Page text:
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Fund-raising Bodies Will Speed Up Campaign for Immigrant Absorption

July 2, 1990
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Leaders of the major fund-raising organizations of world Jewry have agreed to accelerate their campaign to help Israel meet the costs of absorbing the rapidly rising tide of immigrants from the Soviet Union.

Diaspora leaders who gathered here last week for the Jewish Agency Assembly laid the groundwork for a $1 billion campaign over three years for the absorption of close to half a million Soviet Jews in Israel.

Their decision came in response to urgent appeals for more cash from the Jewish Agency, which works in partnership with the Israeli government to transport the immigrants and absorb them in Israeli society.

Last fall, the Jewish Agency asked Diaspora fund-raising bodies to raise $600 million over three years for immigrant absorption. The United Jewish Appeal agreed to raise $420 million in the United States and Keren Hayesod agreed to raise $180 million from other countries, in what became known as Operation Exodus.

The campaign, which was begun early this year, set out to raise the full amount in just one year, but donors would have three years to pay out their pledged contributions.

Last week, leaders of UJA and Keren Hayesod agreed to urge their donors to pay off their Operation Exodus pledges over two years, thereby making $300 million a year available to the Jewish Agency, rather than $200 million.

The plan is then to begin a new special drive once the current one is completed.


“We are now in the midst of what we call Operation Exodus I. People will yet be called on for increased giving in Exodus II,” said Phil Granovsky, a United Israel Appeal leader from Canada who chairs Keren Hayesod.

“When we get home,” he said, “we have to set the mood for the next stage of the campaign. It is urgent to prepare people for this.”

Granovsky, who chairs the World Income Committee of the Jewish Agency, spoke at the closing session of the agency Board of Governors meeting here. He said the Jewish Agency would need $1 billion over the next three years.

Agency and government leaders last week agreed on a $2.3 billion plan for the aliyah and absorption of 150,000 Soviet Jews in Israel this year. It is estimated that similar numbers of Soviet Jews will be coming to Israel each year over the next three years.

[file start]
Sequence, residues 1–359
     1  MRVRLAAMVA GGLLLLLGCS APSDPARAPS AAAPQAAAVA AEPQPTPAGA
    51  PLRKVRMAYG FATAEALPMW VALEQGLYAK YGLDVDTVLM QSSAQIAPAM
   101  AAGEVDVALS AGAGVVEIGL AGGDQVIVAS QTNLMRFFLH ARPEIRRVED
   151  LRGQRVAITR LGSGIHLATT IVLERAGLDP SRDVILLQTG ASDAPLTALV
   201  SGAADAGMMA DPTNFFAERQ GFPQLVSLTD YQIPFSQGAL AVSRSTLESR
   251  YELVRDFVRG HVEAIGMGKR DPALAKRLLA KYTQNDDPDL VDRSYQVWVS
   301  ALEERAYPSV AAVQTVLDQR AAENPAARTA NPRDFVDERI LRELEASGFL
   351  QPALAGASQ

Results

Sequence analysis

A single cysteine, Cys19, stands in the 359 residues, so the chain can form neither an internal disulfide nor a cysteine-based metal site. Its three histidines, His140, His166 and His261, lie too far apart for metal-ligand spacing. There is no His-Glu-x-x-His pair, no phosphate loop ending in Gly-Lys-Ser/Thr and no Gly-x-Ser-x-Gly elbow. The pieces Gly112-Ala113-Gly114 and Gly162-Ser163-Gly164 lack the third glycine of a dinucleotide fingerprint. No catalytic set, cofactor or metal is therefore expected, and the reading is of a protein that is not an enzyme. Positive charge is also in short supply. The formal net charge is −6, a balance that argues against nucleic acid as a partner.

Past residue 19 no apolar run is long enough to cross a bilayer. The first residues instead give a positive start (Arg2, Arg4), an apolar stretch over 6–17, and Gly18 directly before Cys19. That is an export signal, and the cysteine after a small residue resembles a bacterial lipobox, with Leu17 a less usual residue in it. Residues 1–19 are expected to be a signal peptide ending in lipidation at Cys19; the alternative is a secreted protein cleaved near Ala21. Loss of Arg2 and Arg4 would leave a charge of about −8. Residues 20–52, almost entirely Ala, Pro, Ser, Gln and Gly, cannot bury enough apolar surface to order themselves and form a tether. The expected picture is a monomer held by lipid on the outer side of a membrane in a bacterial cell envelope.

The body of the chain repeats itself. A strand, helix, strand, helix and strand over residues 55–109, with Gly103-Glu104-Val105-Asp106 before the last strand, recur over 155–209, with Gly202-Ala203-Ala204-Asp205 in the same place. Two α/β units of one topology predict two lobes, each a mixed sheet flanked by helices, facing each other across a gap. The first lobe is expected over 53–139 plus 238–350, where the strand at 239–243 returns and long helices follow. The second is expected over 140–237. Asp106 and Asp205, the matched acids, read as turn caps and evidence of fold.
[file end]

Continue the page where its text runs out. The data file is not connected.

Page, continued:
The agency pays transportation and shipping costs for the immigrants, part of an absorption grant they receive during their first year in Israel, and certain social services for newcomers.

Israeli taxpayers will be expected to pay most of the costs of long-term absorption, which means primarily job creation and housing. The Israeli government must also build new schools and expand the infrastructure to cope with the added population.

The chairman of the Jewish Agency Board of Governors, Mendel Kaplan, said Friday that because of the upsurge in immigration, the agency had doubled its budget this year from $360 million to $740 million, “with most of it going for aliyah and absorption.”

He lauded Diaspora leaders for contributing generously to help the Jewish Agency meet the ensuing cash shortfall.

Noting that UIA-Canada had agreed to borrow $30 million to help fill the gap, Kaplan said, “Both individuals and communities are borrowing funds to pay campaign pledges. They are extending themselves in peacetime, which is unheard of.”


Agency leaders admitted, however, that even if cash receipts from Operation Exodus rise this year from $200 million, as originally planned, to $300 million, the agency will still not be able to pay its previous share of absorption costs.

Simcha Dinitz, chairman of the Jewish Agency Executive, said the agency has asked the government to pick up a larger share of the initial absorption grant provided to the immigrants.

Until now, the agency and the government have split the cost evenly. The agency now wants to reduce its share to 25 percent, with the government picking up the rest.

Finance Minister Yitzhak Modai last week urged delegates at the Jewish Agency Assembly to reduce services in their own communities, borrow funds and make cuts in other areas of agency activity, so that more Diaspora funds would be available for aliyah and absorption.

But Kaplan said that the willingness of Diaspora leaders to launch a new phase of the Operation Exodus campaign would depend in part on progress made in Israel by October, when the Jewish Agency Board of Governors next convenes.

“The credibility of the government is linked to what happens on the ground,” Kaplan said. “If there is no housing or job creation, our task will be more difficult.”

Many attending the assembly were dismayed to learn that most of the declarations made over the past six months by former Housing Minister David Levy about housing starts for new immigrants were groundless.

Relatively little new construction had actually started because of feuding between Levy and former Finance Minister Shimon Peres, and because contractors had stalled, in an attempt to extract more incentives from the government.

The assembly delegates applauded a plan by the new housing minister, Ariel Sharon, to eliminate bureaucratic obstacles and import 3,000 prefabricated houses now to meet immediate needs.

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